Sometimes, the Democratic advantage has been sufficient to flip formerly Republican-held seats. 

In a Washington state Senate special election held in November, the Democratic candidate won 4,600 more votes than the Democrat who ran in the same district in 2016. The Republican candidate won 3,600 fewer votes than her predecessor claimed in 2016, a 14-point drop-off.

Oklahoma Democrats won a state House district in Norman even though their candidate received only 44 percent of the number of votes the previous Democrat had won. But the Republican candidate won just 19 percent of the vote the previous incumbent had claimed, a 25-point difference that handed Democrats a rare win in the reddest of states. 

“Democrats are fired up, and this is pretty good evidence of it,” said Glen Bolger, a longtime Republican strategist. “I don’t know that it means Republicans are depressed or down, I just think it means that Democrats are fired up.” 

The difference in drop-off rates have not translated to Democratic wins everywhere, even when they are massive. In Georgia’s 6th Congressional District, Democrat Jon Ossoff won 125,517 votes, 600 more votes than the Democratic candidate received in the 2016 elections. Republican Karen HandelKaren Christine HandelOvernight Health Care: Kavanaugh questioned if Roe v. Wade was 'settled law' in leaked email | Senate to vote next week on opioid package | Officials seek to jail migrant children indefinitely | HHS chief, lawmakers meet over drug prices Worst-case scenario for House GOP is 70-seat wipeout 2 women win Georgia Dem runoffs, extending streak for female candidates MORE won about 65,000 fewer votes than her predecessor, former Health and Human Services Secretary Tom PriceThomas (Tom) Edmunds PriceWhite House officials discussing potential replacements for FEMA chief: report Overnight Health Care: CBO finds bill delaying parts of ObamaCare costs B | Drug CEO defends 400 percent price hike | HHS declares health emergency ahead of hurricane HHS should look into Azar's close ties to the drug industry MORE — but the Republican drop-off wasn’t significant enough to cost Handel the seat.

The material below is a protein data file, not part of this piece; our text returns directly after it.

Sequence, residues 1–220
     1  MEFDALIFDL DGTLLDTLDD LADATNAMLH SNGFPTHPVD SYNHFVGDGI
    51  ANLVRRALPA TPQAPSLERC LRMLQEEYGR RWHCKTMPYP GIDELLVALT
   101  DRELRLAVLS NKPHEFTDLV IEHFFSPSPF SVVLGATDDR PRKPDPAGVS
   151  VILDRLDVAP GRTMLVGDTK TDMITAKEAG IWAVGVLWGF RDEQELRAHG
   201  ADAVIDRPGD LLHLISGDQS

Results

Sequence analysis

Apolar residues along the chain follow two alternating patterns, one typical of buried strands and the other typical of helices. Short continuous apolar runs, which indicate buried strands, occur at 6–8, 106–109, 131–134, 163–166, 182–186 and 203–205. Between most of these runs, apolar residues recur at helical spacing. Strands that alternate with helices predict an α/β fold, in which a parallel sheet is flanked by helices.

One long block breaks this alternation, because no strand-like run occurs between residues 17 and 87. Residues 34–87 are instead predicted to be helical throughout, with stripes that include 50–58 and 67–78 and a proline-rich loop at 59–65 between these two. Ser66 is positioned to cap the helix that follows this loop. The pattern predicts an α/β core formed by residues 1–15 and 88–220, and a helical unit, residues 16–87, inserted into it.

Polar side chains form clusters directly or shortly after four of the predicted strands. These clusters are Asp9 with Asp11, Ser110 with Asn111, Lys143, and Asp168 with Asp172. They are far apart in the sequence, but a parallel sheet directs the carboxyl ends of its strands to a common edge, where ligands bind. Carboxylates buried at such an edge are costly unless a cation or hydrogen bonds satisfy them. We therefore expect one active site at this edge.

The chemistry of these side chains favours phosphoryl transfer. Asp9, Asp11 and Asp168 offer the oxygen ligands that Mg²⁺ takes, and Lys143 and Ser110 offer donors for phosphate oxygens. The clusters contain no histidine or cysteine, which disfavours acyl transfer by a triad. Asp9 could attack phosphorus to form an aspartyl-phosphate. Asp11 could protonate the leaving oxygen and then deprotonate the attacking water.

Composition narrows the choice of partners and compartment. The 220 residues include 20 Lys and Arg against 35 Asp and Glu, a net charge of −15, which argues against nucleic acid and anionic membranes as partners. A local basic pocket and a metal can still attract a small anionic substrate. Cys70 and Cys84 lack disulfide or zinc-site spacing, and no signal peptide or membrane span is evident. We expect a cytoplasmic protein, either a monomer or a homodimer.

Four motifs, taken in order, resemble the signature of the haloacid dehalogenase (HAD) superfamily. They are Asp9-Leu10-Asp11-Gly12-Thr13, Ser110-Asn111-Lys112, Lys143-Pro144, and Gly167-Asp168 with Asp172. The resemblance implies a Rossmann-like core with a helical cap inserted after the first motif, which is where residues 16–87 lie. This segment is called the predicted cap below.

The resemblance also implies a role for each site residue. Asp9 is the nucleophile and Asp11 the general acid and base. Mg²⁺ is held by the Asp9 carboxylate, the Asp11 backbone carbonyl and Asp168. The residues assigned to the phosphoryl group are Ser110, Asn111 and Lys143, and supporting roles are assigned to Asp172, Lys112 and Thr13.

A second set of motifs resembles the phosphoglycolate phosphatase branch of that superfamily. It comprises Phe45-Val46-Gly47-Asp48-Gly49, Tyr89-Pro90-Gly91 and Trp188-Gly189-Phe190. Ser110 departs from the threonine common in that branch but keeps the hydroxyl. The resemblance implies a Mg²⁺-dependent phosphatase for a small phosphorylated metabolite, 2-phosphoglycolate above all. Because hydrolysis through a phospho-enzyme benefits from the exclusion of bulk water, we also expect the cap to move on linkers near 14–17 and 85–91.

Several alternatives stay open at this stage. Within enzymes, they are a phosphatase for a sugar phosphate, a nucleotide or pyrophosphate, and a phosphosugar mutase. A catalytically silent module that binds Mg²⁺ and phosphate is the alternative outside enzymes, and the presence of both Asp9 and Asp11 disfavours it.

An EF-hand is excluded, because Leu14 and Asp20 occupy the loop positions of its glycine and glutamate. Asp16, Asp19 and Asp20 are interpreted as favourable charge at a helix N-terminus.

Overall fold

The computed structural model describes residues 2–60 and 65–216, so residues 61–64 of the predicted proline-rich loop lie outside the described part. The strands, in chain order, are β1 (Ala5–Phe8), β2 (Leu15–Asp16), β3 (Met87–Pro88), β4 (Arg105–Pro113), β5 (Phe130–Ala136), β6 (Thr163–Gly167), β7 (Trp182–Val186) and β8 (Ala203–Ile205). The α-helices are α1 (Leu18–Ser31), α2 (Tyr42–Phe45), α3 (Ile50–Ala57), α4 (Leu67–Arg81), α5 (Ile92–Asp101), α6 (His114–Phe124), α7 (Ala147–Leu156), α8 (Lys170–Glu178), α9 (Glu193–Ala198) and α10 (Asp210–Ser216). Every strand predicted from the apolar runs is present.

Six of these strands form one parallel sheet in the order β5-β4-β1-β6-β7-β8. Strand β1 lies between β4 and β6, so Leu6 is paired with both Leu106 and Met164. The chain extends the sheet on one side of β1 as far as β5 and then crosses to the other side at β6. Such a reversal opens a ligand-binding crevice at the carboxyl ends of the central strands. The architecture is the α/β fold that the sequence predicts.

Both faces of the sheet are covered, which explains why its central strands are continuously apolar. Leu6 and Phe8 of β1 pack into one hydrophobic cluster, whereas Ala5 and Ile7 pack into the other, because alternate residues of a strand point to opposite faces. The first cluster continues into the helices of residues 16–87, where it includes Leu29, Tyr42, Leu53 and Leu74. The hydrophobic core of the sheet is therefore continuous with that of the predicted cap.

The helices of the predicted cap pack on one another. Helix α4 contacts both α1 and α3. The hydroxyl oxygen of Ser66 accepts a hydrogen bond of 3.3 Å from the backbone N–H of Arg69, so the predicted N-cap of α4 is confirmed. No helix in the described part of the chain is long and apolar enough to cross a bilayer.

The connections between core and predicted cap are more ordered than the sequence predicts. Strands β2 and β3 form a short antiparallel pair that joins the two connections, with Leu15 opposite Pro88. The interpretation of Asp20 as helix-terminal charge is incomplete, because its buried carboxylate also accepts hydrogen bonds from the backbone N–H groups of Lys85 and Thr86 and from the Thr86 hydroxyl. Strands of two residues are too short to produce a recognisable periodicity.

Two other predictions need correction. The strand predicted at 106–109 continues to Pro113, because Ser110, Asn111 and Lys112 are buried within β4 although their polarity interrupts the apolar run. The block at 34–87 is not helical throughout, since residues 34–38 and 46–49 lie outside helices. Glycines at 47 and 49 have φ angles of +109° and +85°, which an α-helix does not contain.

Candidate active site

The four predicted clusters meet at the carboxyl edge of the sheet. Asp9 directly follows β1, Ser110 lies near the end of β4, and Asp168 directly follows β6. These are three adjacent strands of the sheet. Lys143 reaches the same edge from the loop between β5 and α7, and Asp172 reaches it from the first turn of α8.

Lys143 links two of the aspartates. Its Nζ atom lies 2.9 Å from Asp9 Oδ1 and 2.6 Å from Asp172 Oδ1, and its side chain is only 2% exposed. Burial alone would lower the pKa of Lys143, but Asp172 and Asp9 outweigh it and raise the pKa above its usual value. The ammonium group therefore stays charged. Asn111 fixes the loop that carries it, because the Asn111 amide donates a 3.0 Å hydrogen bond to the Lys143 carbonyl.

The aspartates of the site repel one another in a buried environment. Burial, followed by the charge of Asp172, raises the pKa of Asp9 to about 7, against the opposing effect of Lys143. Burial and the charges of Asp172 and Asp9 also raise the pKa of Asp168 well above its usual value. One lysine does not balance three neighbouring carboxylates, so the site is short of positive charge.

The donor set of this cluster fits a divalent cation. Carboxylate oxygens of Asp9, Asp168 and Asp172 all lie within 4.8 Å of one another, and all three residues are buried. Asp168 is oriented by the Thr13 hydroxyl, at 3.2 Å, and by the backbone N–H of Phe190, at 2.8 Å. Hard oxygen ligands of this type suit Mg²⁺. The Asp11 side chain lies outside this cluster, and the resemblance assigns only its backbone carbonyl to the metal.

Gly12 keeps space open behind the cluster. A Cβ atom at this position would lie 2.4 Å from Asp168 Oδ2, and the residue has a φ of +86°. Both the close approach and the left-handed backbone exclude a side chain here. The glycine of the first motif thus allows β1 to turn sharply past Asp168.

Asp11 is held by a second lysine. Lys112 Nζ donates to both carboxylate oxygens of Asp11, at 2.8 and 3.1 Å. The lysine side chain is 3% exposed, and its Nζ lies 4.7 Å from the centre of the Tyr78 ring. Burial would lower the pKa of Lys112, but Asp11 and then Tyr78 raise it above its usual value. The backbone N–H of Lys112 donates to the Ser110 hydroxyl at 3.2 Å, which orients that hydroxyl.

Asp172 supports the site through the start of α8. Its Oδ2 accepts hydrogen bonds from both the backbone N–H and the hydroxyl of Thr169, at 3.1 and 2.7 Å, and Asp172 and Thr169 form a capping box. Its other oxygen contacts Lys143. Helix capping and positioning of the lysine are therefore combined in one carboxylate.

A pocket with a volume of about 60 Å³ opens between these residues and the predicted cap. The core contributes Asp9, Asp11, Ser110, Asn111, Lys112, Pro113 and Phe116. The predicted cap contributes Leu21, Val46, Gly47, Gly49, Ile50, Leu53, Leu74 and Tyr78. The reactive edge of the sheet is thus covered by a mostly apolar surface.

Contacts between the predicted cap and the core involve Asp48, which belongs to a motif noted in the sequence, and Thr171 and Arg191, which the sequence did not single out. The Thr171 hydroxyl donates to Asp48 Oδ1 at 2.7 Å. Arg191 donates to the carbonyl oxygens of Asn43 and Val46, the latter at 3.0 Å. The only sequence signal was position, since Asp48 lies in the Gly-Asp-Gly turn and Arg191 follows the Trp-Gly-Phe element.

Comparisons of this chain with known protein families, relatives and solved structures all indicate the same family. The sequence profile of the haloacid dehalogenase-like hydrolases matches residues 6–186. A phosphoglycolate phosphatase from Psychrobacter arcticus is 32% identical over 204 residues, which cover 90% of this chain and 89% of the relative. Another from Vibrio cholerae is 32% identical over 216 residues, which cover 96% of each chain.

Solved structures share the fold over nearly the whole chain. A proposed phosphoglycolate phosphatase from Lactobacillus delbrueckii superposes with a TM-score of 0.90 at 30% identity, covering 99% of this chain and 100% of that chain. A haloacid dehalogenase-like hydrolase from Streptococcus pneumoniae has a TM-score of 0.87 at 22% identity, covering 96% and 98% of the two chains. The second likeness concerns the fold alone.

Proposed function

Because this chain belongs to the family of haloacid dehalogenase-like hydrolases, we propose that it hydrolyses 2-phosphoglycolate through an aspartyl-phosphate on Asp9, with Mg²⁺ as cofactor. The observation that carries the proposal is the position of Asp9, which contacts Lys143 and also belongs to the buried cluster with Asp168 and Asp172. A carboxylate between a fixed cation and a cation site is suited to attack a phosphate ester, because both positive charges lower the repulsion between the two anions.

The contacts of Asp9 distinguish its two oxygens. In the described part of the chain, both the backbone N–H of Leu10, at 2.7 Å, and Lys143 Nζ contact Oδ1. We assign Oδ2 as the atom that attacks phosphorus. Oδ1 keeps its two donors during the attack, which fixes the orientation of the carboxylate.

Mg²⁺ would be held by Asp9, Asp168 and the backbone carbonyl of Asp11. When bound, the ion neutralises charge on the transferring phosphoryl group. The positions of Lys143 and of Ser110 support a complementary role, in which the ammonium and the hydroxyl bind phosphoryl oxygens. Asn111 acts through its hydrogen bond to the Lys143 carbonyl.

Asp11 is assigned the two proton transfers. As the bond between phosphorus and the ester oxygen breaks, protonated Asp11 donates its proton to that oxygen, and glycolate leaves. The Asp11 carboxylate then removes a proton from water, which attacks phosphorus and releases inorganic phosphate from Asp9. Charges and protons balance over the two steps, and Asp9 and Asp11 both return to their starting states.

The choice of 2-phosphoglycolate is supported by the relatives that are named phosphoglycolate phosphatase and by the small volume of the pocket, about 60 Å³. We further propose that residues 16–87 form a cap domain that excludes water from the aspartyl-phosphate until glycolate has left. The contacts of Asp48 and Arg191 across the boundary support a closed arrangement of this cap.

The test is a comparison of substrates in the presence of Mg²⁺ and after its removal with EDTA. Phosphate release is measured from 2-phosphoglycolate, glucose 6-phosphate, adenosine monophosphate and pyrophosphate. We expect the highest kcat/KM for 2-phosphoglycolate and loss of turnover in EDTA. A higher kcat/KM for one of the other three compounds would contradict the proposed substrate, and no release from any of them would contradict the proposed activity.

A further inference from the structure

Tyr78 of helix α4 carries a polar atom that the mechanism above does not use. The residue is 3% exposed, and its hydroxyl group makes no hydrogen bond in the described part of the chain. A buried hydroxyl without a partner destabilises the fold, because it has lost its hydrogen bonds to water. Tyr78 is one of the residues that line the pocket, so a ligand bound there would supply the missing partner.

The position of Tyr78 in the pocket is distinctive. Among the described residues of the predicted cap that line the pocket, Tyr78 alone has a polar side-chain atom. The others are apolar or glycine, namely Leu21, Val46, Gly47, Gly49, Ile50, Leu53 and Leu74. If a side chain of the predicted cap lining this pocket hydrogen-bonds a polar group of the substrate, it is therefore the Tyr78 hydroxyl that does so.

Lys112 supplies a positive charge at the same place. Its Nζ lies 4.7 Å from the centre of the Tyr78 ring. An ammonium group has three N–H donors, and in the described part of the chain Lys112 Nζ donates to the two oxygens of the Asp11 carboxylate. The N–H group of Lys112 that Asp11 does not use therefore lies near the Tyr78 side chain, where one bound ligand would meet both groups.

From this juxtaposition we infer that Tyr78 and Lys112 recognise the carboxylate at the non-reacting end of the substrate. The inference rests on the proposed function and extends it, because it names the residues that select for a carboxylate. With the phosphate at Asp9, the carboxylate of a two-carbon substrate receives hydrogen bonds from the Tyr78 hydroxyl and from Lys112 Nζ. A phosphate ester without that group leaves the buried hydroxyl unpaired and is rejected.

Democrats also turned out at much higher rates than Republicans in special elections in Kansas, Montana and South Carolina — all races Republicans won.

The race to fill Attorney General Jeff SessionsJefferson (Jeff) Beauregard SessionsTrump vows to get rid of 'stench' at DOJ, FBI NY Times, McCabe give Trump perfect cover to fire Rosenstein, Sessions House Judiciary on NY Times article: I intend to subpoena 'McCabe Memos' MORE’s seat in Alabama also showed a massive enthusiasm gap. Analysis by TargetSmart, a Democratic voter targeting firm, showed African-American voters turned out at higher rates than white voters — especially African-American women. Black voters accounted for nearly 30 percent of the total statewide vote, up from 24 percent in the 2016 presidential contest, enough to elect Jones to the Senate.